The defective product case began one week ago and represented the sixth trial facing the Massachusetts-based manufacturer of pelvic mesh implants.
Monday, May 11, a Delaware court began hearing the defective mesh case of Barba v. Boston Scientific over its Advantage Fit mesh sling. See story on Mesh News Desk here.
An offer to settle avoids a multi-million dollar jury award, a jury verdict that the products are defectively designed, the company was negligent and the instructions for use were inadequate.
While the terms of a settlement are never disclosed, Boston Scientific suffered the largest jury award so far among all mesh litigation – $73 million – in the September case of Martha Salazar. The jury also found Boston Scientific was “grossly negligent” and included $50 million in punitive damages.
Last November, the company lost two separate federal trials alleging the company made defective pelvic mesh – one in West Virginia where jurors delivered an $18.5 million verdict to four plaintiffs plus an additional $1 million in punitive damages. The jurors there too concluded the company acted with “gross negligence.”
In a Miami federal court, four women injured by the company’s Pinnacle mesh, were collectively awarded $26.7 million.
The story filed earlier today continues here:
The trial of Roseanne Sanchez v. Boston Scientific was in its sixth day today in a Los Angeles courtroom (Sanchez v. Boston Scientific 2:12-cv-05762). The bellwether case was remanded back to the Central District of California from West Virginia where the company is facing nearly 17,000 pelvic mesh cases.
During opening arguments May 5, Sanchez’ attorney Jim Perdue told the jury that Ms. Sanchez had no idea the company had not safety tested the meshes she had received – a Pinnacle Pelvic Floor Repair Kit (to treat pelvic organ prolapse) and the Advantage Transvaginal Mid-Urethral Sling System (to treat incontinence).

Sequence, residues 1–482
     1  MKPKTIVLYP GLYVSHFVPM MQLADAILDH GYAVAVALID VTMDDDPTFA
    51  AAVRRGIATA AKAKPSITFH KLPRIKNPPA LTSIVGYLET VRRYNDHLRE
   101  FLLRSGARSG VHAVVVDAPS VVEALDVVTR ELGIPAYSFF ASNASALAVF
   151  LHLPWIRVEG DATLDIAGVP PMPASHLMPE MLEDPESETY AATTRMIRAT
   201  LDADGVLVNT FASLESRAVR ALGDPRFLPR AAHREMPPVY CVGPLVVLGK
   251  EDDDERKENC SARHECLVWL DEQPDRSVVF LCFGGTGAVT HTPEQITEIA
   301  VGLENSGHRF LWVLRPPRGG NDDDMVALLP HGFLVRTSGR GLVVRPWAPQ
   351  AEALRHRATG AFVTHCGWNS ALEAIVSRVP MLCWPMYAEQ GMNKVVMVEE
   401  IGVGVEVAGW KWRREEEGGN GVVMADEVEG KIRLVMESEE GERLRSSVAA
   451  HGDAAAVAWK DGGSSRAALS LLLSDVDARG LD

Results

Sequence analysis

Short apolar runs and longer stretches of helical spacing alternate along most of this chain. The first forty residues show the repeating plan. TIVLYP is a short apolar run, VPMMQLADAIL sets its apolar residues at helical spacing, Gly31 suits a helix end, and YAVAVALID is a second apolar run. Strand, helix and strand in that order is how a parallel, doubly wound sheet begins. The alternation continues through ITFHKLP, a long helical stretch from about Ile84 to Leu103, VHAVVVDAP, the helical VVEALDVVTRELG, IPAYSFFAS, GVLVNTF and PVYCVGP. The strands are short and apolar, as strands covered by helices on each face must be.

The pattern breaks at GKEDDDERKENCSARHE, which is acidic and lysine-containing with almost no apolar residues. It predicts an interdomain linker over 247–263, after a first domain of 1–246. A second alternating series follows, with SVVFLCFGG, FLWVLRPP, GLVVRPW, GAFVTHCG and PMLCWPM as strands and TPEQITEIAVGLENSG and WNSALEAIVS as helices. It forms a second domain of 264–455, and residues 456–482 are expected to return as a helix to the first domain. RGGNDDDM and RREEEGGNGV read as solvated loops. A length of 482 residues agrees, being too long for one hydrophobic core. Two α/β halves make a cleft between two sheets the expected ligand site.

Law 360 reports the Pinnacle Sanchez received was made of a different formula of polypropylene and was a different shape than the previous models of Pinnacle.
“She had no idea that no human testing had been done,” said Jim M. Purdue Jr. of Purdue and Kidd LLP. “The choices that Boston Scientific made are what brought us here today.”
Perdue said the company use polypropylene mesh despite a material warning it was not to be used for permanently implanted medical devices, and the company had no “exit strategy” in case there was a problem. In other words, the procedure was irreversible.
As a result, Ms. Sanchez has experienced pain, bleeding and infections among other complications, according to her complaint.
The plaintiffs claim the Pinnacle and Advantage are defective, a ruling that has already been issued by another jury in a federal trial in Miami last November. (See Eghnayem case here).
An attorney for Boston Scientific, Robert Adams of Shook Hardy & Bacon, told jurors Ms. Sanchez is a nurse to patients undergoing chemotherapy and understands well the informed consent conversation. She also had medical problems before her mesh implants, he said.
The Pinnacle is no longer on the market. The Advantage and Advantage Fit, a newer version, remain on the market.
Judge John H. Walter ordered a shortened proceeding of five days. Under the federal multidistrict litigation overseen by Judge Joseph Goodwin in Charleston, proceedings had already been shortened to two weeks. The Sanchez case was transferred to the Central District of California February 23rd.
Judge Walter is known to run a tight ship and according to this online site, The Robing Room, where judges are judged, there are many complaints about The Honorable John F. Walter.
In an April 22 filing, both sides disputed jury instructions that would apportion fault to her implanting doctor, Dr. Kerri Wiltchik. Boston Scientific was considering presenting evidence that the surgeon was negligent.
As of this date, there are 16,753 cases consolidated in federal court in Charleston, WV in multidistrict litigation and 100,000 cases filed against seven mesh makers. #